How I stopped worrying and learned to Love training the puppy…
Puppies are cute. Puppies are funny. Then it changes, puppies bite. Puppies chew….you get the idea.
As a dog trainer, and a damned good one at that, I had an interesting project this year. A very good client of mine hired me to find a certain type of puppy for them which I did. The only problem was that the puppy was going to be available 2 days after this client was leaving on vacation for three months. No problem, we agreed, I would keep this little guy and train and raise him like he was my own until they get back from vacation. This is DEFINITELY something I would do if I could afford it myself. I mean, someone else potty training your puppy for you! Crate training! Oh yeah, sign me up NOW! Here is the check.
I’ve raised puppies before and I’ve board and trained dogs many times, but this long term board and train of a brand new puppy is something a bit….shall we say, different, it’s neither fish nor fowl. He’s a puppy and he’s living with me as my personal puppy but he isn’t mine. I can’t give him all the leeway he needs to learn things in a timefrarme without a deadline….right?
The connundrum for me as a trainer is that I know this puppy has to be “ready” for his owner when they arrive back in town. He MUST master certain skills and display certain abilities by the day I turn him over to his owner. The problem is, that he is a PUPPY and learns things at his own rate. He’s smart, no question. He learns things fast fast fast, no question. But I’ve had a constant fear that he “won’t be ready” in time to go home. We have a program, a path, a plan, but still….the clock is ticking.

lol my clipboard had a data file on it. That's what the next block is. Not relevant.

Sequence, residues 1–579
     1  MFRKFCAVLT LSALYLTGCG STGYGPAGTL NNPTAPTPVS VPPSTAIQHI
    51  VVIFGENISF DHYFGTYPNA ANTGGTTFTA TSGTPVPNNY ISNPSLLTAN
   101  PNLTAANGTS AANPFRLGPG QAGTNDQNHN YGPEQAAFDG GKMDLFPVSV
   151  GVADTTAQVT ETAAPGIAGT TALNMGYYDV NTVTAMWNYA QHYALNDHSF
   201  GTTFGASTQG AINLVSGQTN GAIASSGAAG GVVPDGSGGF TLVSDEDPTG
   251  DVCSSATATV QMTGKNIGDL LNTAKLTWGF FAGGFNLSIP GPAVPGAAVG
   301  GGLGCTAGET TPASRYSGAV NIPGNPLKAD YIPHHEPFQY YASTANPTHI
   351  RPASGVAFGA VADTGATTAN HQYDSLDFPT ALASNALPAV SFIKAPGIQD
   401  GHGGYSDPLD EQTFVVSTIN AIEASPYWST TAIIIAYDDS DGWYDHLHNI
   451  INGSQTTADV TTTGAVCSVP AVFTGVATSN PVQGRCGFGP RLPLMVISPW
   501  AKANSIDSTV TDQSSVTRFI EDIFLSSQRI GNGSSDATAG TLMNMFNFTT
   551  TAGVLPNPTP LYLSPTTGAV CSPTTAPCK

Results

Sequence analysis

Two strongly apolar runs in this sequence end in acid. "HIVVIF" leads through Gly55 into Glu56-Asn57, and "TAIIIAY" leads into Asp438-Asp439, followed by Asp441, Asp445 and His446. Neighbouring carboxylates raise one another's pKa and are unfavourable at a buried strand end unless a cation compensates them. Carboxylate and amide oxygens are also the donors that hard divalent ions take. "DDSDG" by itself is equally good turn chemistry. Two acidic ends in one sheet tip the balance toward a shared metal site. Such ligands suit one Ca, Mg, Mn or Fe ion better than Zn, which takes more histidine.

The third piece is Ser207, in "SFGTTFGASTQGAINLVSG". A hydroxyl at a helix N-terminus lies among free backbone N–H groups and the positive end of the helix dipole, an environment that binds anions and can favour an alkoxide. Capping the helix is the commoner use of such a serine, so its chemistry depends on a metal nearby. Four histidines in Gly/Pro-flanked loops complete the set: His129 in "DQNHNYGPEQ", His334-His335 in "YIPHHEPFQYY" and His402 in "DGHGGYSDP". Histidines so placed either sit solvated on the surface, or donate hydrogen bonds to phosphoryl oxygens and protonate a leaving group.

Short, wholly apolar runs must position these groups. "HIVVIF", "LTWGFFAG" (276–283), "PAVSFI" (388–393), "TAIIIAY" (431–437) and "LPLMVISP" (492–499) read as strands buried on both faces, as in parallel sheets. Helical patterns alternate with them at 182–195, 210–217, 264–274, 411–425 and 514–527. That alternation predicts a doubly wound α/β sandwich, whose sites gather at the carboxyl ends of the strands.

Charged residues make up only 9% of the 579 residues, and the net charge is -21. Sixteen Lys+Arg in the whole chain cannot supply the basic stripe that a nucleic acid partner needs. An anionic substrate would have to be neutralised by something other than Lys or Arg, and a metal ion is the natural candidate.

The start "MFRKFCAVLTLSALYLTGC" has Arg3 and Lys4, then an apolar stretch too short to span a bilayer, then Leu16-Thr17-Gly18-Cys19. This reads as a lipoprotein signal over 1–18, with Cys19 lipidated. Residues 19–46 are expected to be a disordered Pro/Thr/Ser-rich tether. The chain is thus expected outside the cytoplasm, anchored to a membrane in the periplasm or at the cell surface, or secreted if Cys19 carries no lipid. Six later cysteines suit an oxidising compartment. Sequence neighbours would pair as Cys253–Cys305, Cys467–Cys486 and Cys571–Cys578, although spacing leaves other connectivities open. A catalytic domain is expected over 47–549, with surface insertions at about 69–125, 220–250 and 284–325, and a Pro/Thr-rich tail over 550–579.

Then, just this week, I realized something. This puppy is what he is. He’s not perfect yet (though he’s better than your puppy I pretty much guarantee you), he doesn’t perform 100% in chaotic situations yet (no dog does ever), and he still chews on shoes if you leave them on the floor in front of him (every puppy will). He’s a puppy. A very well trained, obedient, and well socialized, confident puppy but just a puppy and will absolutely still be one the day I turn him over to his owner.
While fretting out loud about the situation the other day my wife reminded me to deliver a note with this puppy when I turn him over. The note she said should be:
“This is a puppy. If you leave shoes out on the floor he will eat them, and if you play with him for to long before taking him outside to pee, he WILL have an accident in the house.”
That pretty much sums it up. This puppy will heel of leash, come when called quite readily, sit and stay for a reasonable amount of time, go to his place and into his kennel on command, jump up and get off of things on command, back away from something when you tell him to, high five, shake, roll over, play dead, fist bump, retrieve, leave it, and wait on command, wipe his whiskers after he drinks water automatically, but he’s still a puppy and he damned sure will chew up your Manolos if you leave them on the floor in front of him.
I’ve loved this project, and am supremely grateful I’ve gotten paid to raise and train this puppy. Ownership by proxy I suppose one might call it. This is the sort of long term project I would like to do move of in the future. My only worry is how to make people understand that despite the hundreds, or dare I say thousand(s) of hours I spent training him, he’s still a puppy and not a machine. He’s going to eat something valuable at some point. I’m just glad he didn’t go for my wife’s Manolos while he was with us.